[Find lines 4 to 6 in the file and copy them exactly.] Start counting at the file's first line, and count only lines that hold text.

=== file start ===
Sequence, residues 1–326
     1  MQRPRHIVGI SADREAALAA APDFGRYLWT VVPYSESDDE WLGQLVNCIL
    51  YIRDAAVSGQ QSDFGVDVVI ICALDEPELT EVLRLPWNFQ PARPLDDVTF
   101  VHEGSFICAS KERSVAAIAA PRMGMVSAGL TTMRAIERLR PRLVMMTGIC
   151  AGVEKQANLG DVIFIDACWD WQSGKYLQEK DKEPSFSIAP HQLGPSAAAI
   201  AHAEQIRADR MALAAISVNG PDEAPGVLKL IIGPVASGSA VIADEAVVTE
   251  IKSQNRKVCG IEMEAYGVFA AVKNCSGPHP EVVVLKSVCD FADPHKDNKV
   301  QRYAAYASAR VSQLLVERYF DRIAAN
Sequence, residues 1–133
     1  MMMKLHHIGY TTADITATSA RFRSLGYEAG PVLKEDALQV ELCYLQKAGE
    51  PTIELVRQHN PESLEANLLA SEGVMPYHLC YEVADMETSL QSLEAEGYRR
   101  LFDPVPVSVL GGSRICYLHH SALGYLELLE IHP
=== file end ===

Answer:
   101  VHEGSFICAS KERSVAAIAA PRMGMVSAGL TTMRAIERLR PRLVMMTGIC
   151  AGVEKQANLG DVIFIDACWD WQSGKYLQEK DKEPSFSIAP HQLGPSAAAI
   201  AHAEQIRADR MALAAISVNG PDEAPGVLKL IIGPVASGSA VIADEAVVTE